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Living Water Childrens Centre

Page history last edited by Rachel Allen 7 years, 1 month ago

 

Partner institution: Living Water Childrens Centre

Website: 

 

Contributors (2011):

Elizabeth Brookes
Samantha Newark 

 

Contributors (2013): 

Rachel Sophie Colloby 

Melissa Jade Hardy

Nicola Jay Temperton

Contributors (2015): 

Rachel Allen

Amanda Flowers


 

Instructions:

Contributors: for details on what is required in each section, please look at the Guidance Notes

Contents: 

Placement Information

Accomodation

Transport

Social life

Things to do, things not to do

Useful Contacts

Before you go

Costs

Placement Information

The Living Water Centre is home to around 45 children. These are children whose have lost their parents or whose families can not afford to look after them. During the day, these children are educated at the centre, along with local children who visit the centre for school. School is 8am- 3pm and volunteers are able to help out in one of the four classes (baby, intermediate, grade 1 and 2) if they wish. All lessons are taught in English, apart from Swahili which is taught as an additional language. Staff and most Children can speak understandable English. After School is when most volunteers attend the centre the most to spend time with the children, to provide activities and help out with homework. The children are very loving and affectionate, this making it hard to not become attached. All of the people here are truly amazing and really make you appreciate the life you have. The children here range from ages 2-12  however some of the birthdays of the children are unknown and so estimated, these children celebrate their birthday on the same day as David or  Walter (the children of the founders of the centre). There is a separate school which was also founded by the Kimaro family called Yakini Nursery and Primary School. The school is about a 30 minute bus ride away and is home to 170 boarding students as well as a number of day students which brings the total to 530 students. When the children from the centre reach the end of grade one, they progress to the Yakini school as boarding students to continue their education and return to their family at the centre during school holidays. The family are currently in the process of building a secondary school, and aim to one day build a university.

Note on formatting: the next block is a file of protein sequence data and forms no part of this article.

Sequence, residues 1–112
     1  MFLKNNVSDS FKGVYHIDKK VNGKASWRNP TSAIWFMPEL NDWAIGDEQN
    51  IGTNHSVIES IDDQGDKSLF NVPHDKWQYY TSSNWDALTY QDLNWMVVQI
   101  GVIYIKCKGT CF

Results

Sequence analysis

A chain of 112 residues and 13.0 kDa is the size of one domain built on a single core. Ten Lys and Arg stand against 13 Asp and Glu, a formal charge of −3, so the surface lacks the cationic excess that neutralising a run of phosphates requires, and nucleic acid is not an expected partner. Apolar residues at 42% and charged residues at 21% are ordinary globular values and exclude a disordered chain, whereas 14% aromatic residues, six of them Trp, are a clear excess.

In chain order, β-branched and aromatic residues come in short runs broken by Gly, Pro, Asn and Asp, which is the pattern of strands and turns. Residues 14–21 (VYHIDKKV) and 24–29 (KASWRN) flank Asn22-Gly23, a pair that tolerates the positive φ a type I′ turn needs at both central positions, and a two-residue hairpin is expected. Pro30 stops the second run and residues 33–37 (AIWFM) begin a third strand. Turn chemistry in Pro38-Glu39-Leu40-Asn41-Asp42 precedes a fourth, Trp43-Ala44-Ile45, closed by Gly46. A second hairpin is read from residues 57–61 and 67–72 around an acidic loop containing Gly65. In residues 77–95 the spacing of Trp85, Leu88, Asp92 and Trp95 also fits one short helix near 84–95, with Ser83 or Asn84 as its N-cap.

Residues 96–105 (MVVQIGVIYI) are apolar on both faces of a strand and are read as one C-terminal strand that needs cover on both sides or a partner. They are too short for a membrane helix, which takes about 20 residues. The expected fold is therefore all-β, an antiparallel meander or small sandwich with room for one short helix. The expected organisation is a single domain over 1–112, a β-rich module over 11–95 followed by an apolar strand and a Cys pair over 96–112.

Accommodation

The accommodation here is basic, however a high standard for African homes. There is available running water at all times although not always hot, however a cold shower can be quite refreshing in 30 degree heat, the plus side is all rooms have an en suite. There is wi-fi available at a small cost, however be prepared for times without internet access and very slow connections. The electricity can be unreliable, especially in rainy season and it can range from being off for 30 minutes to a good few hours. Be prepared to eat and sit in the dark. Mosquito nets are provided as malaria carrying mosquito's are more common at night, all rooms are provided with mosquito nets. Your room is cleaned weekly and bed sheets are changed, the dada's which are their to cater for the family, live at the back of the house where they cook and clean for the family and volunteers, they are always helpful, and will also wash your clothes for you for a small price of 3,000(tsh).